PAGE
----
• Mark Lerner says:

      For years I had a tape of the Nitz at a coffeehouse where you (Eric) or someone right next to you was holding the boombox that was recording us. You and your pals provided a running commentary on the performance. It was priceless; alas, I can’t find it now.

  2. Dan Eilenberg says:

    I would love to hear some live cuts from the Nitz. They were a great live band. Real tight. Lots of energy. The originals were catchy and well arranged. Some of the stand-out covers included “Message in A Bottle,” “Roxanne” (ages before it was painfully overplayed by classic rock radio), “I’m The Man,” and “Sunday Papers.”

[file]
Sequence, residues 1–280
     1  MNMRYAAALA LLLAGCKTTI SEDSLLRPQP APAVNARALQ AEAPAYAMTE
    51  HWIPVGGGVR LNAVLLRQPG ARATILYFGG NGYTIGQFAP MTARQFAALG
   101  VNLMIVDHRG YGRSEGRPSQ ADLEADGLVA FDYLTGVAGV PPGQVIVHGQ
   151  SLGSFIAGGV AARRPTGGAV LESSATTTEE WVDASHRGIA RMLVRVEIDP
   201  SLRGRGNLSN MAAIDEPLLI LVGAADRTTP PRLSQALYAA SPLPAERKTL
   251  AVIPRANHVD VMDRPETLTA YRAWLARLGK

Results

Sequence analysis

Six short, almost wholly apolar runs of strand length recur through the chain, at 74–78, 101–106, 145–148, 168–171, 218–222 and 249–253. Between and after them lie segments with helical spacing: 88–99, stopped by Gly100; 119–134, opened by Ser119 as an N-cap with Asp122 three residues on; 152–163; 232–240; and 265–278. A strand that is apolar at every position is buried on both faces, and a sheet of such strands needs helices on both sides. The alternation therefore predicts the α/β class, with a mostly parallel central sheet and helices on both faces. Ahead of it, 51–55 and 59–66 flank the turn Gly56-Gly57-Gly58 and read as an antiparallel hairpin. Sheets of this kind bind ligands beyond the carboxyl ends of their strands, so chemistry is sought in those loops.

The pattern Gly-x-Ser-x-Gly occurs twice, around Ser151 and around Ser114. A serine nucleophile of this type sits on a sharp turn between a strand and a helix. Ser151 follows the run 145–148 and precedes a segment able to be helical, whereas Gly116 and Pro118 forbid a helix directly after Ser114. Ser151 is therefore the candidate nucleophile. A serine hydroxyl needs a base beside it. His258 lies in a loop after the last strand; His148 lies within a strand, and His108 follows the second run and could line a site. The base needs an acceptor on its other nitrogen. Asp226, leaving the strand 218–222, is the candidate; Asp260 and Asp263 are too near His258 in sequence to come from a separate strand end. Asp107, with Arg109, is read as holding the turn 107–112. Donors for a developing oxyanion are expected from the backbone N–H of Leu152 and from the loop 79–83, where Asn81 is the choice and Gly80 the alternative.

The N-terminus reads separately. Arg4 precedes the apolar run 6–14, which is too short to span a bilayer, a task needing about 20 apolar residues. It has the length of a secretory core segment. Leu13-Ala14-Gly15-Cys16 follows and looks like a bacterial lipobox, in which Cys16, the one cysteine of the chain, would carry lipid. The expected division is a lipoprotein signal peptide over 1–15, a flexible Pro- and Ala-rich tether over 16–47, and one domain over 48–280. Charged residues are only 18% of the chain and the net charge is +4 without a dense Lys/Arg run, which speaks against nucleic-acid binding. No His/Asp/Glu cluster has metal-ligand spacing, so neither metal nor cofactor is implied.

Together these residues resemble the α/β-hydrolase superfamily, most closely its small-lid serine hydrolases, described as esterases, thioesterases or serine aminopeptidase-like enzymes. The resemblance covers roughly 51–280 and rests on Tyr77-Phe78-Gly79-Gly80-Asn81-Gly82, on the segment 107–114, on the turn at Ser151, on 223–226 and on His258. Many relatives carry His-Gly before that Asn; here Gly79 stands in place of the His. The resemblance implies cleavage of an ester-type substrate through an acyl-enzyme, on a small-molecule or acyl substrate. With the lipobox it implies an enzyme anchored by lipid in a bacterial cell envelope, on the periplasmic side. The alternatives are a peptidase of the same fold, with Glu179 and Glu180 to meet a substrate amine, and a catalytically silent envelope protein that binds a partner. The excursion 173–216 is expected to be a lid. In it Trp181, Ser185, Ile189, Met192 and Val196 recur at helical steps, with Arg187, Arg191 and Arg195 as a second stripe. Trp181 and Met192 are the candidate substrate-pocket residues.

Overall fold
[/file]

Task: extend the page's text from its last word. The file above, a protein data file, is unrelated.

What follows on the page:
3. Craig Lapine says:

    I’ll respond more soon, but let me say now that the word “saxophone” with an asterisk is the most hilarious and apt comment ever made on any musical undertaking of mine. Hope you guys have a great time at the reunion. More to follow…

  4. martha says:

    I have what I think is a band photo of the Nitz that you sent me somewhere, probably locked away in a vault with all the rest of high school. I’ll post it if I can dig it out.